I don't know if that analysis is correct, but the fact is that I went to the movie and sincerely enjoyed it.  In fact, it's probably the best I've seen this year.  The visuals were astounding, and the overall experience quite enjoyable.  I think the Wachowski brothers are great filmmakers.  I just worry that they accidentally made a film which is too campy for the twenty/thirty somethings, too 'kid-looking' for the teens and tweens, and too busy and crazy for the parents to take their kids to. 

In a final note, I'd love to have taken my grandmother to this film.  She thinks that documentaries are too busy, loud, and fast-paced.  This would have made her head explode.

Sunday, May 18, 2008

Iron Man Review

I finally saw Iron Man the other day.  I know, I'm a little slow to the party, but I did want to get to it eventually.  I love a good superhero story, which is odd, since comics never managed to grab hold of me as a kid.  My guess is that I like the archetypes they deal with, but don't necessarily like the comic book format.  They tend to be very large offenders in the "This will never end" department.  At least with a book series, the novels form pre-defined breaks.  And even a very long series like the Wheel of Time or the like has an ending out there somewhere.  All you have to do is convince me that there WILL be an ending, and I'm willing to read.  Most comics convince me of the opposite.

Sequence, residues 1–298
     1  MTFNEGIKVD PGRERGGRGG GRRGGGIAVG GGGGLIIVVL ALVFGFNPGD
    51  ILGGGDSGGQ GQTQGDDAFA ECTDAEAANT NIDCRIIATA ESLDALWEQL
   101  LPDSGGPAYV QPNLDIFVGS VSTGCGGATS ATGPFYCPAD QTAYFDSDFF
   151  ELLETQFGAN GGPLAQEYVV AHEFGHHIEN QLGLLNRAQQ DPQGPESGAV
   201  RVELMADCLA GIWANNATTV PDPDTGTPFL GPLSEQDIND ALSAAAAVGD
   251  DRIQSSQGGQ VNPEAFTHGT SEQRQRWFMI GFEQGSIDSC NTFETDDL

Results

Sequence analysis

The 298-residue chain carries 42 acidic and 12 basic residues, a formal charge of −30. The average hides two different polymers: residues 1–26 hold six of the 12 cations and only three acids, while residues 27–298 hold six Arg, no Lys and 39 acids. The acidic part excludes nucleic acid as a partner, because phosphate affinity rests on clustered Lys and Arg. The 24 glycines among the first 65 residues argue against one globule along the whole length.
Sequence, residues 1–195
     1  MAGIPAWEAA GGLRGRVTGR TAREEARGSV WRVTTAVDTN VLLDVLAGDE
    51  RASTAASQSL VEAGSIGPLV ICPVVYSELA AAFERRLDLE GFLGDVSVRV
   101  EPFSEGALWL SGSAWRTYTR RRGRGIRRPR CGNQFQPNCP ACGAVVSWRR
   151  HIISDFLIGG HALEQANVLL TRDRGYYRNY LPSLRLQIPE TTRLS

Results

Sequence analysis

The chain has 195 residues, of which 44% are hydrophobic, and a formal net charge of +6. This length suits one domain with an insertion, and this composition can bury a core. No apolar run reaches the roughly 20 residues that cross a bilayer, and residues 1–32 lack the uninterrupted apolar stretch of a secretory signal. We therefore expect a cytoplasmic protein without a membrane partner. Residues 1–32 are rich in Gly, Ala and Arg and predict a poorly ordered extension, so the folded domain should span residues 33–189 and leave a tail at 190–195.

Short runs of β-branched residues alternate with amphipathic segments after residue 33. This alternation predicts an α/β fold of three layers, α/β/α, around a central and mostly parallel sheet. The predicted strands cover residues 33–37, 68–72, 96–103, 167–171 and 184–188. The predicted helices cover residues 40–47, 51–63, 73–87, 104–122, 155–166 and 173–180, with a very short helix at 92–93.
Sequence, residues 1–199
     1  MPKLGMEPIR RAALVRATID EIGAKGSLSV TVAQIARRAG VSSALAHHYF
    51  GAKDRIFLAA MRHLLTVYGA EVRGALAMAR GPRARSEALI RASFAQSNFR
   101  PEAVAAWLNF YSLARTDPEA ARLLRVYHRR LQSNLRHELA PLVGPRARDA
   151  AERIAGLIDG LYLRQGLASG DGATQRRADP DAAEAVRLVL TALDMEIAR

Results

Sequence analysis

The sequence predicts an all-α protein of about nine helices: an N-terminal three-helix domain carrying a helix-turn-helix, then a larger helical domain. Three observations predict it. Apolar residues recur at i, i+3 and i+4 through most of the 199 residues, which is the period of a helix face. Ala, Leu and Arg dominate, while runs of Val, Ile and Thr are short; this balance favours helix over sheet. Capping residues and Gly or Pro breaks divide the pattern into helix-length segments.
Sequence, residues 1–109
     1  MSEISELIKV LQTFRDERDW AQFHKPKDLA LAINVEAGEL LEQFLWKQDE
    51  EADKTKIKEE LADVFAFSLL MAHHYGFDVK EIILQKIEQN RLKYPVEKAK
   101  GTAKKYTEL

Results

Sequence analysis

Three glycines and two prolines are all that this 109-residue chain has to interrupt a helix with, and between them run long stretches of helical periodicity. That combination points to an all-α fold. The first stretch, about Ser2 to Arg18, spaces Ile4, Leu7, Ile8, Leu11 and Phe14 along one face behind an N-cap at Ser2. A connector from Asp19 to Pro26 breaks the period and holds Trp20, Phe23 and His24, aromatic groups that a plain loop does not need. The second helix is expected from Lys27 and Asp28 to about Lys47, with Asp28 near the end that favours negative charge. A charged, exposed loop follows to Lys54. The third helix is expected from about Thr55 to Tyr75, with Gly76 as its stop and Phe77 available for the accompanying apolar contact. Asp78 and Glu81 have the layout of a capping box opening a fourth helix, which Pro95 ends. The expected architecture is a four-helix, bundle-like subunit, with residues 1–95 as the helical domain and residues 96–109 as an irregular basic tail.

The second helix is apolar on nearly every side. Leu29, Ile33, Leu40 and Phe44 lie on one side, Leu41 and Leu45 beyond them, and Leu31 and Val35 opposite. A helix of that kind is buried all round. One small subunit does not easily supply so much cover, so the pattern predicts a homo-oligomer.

Regardless, the movie was great. Not fantastic great--I disagree that it's the best superhero movie ever, as I'm very partial to the first two Spider-man movies, the original Superman, and the Adam West Batman movie.  (Okay, maybe that last one is a bit of a joke--but honestly, both Batman Begins and the original Burton Batman movie rank very high on my list.  And I do have a silly fondness for the Adam West one, plastic sharks and all.)  Against those, Iron Man didn't quite hold up--but that doesn't mean it's not a great movie.  Thoroughly enjoyable, excellently acted, and not TOO badly offensive in the plot department.  (Though, the ending bugged me just a little.)

To be honest--and I feel a little guilty for this--I liked Forbidden Kingdom better.  Yes, it was campy. But man was it fun to watch Jacky Chan and Jet Lee act in the same movie.  Another one that isn't super amazingly fantastic, but was just a good movie.

I'm scared to go see Speed Racer.  I was really hoping that it would be good, and the reviews have me paranoid.  Maybe if I go with low expectations.  (That didn't help with Fantastic Four, though....)